The Gadget Graveyard
Here's a list of gadgets you're never going to buy again:
- A TomTom satnav (just use your smartphone)
- A Apple iPod (just use your smartphone)
- A Nokia candybar phone (just use your smartphone)
- A Nintendo Gameboy (just use your smartphone)
- A Flip Video digital camcorder (just use your... you get the idea)
Similarly an old school candybar is a voicecall appliance and a Nintendo is a Gaming Appliance (or a get-kids-out-of-hair appliance, depending on your situation).
These things tend to be damn good at doing one thing, but pretty useless at something else.
And in the long-run they are all dead.
Why computers will take over the world
Appliances tend to be associated with the cutting edge. When a new consumer technology, be it GPS or MP3 playing comes along, it is relatively expensive. In order to bring it to mass market you need to make it as cheap as possible. This is where an appliance comes in - by making a completely dedicated device its the cheapest way to package a new technology up at a consumer price point (for an example of a current cutting-edge appliance, check out the Lytro Light Field Camera).
So an appliance tends to offer two advantages. 1) it is generally cheaper. 2) it is very good at performing its role because it is built as a dedicated device.
However as a technology matures it tends to get cheaper. This means it becomes cost-effective to fit it onto a General-Purpose Compute Device. A smartphone is a great example of this. It's a camera, satnav, Gameboy, camcorder all in one! Oh and it also makes phone calls!
Similarly a laptop fits the bill (It plays games! And runs spreadsheets! And browses the web!). As the name suggests these tend to be programmable (and usually have a less specialist device) which means they can be used for a number of different functions. Most have some sort of open platform so new programs can be built to run on top of them.
Now these general compute devices aren't quite as good as a dedicated appliance at performing the job in hand (advantage 2), however you get to a point where the 80/20 rule kicks in. Sure a professional minicab driver needs a satnav and a pro photographer needs a digital camera. But for 80% of us its more than good enough.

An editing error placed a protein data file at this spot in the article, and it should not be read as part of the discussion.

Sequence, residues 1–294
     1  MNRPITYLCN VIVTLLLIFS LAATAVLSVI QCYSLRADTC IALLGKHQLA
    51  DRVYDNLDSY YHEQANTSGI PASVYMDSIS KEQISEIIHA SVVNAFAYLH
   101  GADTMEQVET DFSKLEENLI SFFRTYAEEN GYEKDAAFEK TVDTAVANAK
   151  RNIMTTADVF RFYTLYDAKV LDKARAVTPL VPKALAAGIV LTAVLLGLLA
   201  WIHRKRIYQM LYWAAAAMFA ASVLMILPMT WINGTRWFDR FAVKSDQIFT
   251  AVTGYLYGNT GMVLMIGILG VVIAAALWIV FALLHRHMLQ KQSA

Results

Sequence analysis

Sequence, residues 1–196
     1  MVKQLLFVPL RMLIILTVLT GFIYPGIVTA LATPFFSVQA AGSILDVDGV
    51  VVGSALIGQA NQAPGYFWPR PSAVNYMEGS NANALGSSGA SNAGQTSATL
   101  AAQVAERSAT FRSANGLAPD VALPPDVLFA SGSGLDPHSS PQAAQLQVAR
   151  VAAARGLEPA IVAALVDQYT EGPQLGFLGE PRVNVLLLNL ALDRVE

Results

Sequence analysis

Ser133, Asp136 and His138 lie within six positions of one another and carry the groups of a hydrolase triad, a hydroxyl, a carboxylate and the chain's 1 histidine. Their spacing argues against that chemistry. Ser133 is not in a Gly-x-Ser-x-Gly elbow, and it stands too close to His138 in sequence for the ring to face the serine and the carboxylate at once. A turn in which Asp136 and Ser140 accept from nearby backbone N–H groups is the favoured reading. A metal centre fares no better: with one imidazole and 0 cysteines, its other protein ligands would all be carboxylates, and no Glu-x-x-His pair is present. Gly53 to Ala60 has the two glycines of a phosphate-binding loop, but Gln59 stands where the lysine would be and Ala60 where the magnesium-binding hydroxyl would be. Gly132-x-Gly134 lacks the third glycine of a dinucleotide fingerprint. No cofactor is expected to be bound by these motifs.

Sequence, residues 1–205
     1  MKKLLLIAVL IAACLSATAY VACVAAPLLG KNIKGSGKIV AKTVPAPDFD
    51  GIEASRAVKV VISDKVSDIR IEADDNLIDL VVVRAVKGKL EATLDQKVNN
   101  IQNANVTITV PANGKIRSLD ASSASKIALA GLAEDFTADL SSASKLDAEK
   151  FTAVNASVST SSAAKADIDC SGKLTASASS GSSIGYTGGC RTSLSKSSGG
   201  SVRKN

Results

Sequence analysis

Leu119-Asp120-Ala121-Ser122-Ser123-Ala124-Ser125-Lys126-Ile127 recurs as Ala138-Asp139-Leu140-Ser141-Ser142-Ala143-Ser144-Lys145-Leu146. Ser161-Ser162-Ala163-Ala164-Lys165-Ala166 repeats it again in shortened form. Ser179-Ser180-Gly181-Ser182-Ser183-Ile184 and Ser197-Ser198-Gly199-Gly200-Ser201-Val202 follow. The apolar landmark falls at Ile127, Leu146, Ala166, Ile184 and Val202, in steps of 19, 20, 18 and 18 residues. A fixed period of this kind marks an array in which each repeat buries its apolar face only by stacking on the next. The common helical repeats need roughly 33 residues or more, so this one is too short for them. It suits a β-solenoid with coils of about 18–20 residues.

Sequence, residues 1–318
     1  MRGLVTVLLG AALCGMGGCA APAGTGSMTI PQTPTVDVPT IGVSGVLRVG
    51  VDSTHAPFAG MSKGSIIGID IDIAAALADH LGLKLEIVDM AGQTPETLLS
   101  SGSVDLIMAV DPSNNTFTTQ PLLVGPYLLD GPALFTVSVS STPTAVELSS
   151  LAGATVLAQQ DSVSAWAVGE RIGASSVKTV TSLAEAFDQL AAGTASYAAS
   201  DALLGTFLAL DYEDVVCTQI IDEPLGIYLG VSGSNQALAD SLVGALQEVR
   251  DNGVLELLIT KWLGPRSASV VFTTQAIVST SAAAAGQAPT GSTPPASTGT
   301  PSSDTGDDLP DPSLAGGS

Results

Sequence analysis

And its at this point that the market for the particular appliance crashes:
The charts above show the declines in revenue and volumes for TomTom satnavs and Apple iPods. Both were single-function appliances that were monstered by the rise of versitile touchscreen smartphones with GPS and NAND flash storage (TomTom's were monstered so much that the company actually stopped disclosing volumes and standalone revenues from the start of 2010, so embarassing was the decline!).
This situation is the nightmare for any incumbent appliance manufacturer. On the one hand they generally have good products, for their function and a significant brand presence.
However their expertise, by definition, is very narrow which leaves them ill-equipped to produce more generalist devices. Typically they will not have much of a platform or eco-system built around their device. And finally the companies which make general compute devices tend to be larger and already have significant brand muscle.
In short you face a bunch of new competitors which are better than you and bigger than you.
In general I have seen two responses
- Bury your head in the sand and pretend the threat doesn't exist. (TomTom, Nokia, Flip)
- Try to build your own general compute device. (Garmin, Playstation/XBox, Apple)
The first response inevitably ends in disaster. Once generalist devices get good enough the market is moving inexorably against you, and you simply do not have the time (or the capital) to catch up.
The second response often ends in disaster. Garmin tried to build their own Garmin Phone, a laughable ambition given they were up against Apple, Motorola, LG, Sony Ericsson, Every Man + Dog.
However sometimes, if you're smart enough, it succeeds:
Profiting from disruption
Of course this creates great opportunities for the investor - both by shorting the roadkill, and by being long the winners. And as I have written about before, the beauty of this is that once a company start to move into a structural decline there are often ample opportunities to short because these are multi-year events (normally ending in some sort of real or potential balance sheet distress).
And where to find the next appliance story? Well simply go down to your local Currys or Best Buy and look around you. Off the top of my head here are some that spring to mind:
- Televisions: The biggest appliance out there, in every way. With the rise of internet-connected devices this is the obvious compute platform for the modern home. Everyone, from Apple to Google to Sony is frantically trying to work out how to do this. Because whoever owns the TV-computer will own the biggest advertising billboard in your life.
- Games Consoles: It is interesting to see how XBox and Playstation has been repositioned over the last few years as connected appliances / stealth set-top boxes. Of all the Appliances currently out there these have the best shot at evolving to general compute appliances. On the other hand Nintendo seem to remain focused on just doing games - a grievous mistake IMHO.
- Radios: The venerable Audio Broadcast Appliance has had a long run, but at the point internet coverage becomes truly ubiquitous (believe it or not we're not quite there yet!), the radio is dead. Although I will miss having the shipping forecast interrupting Test Match Special - the iPlayer version doesn't include it.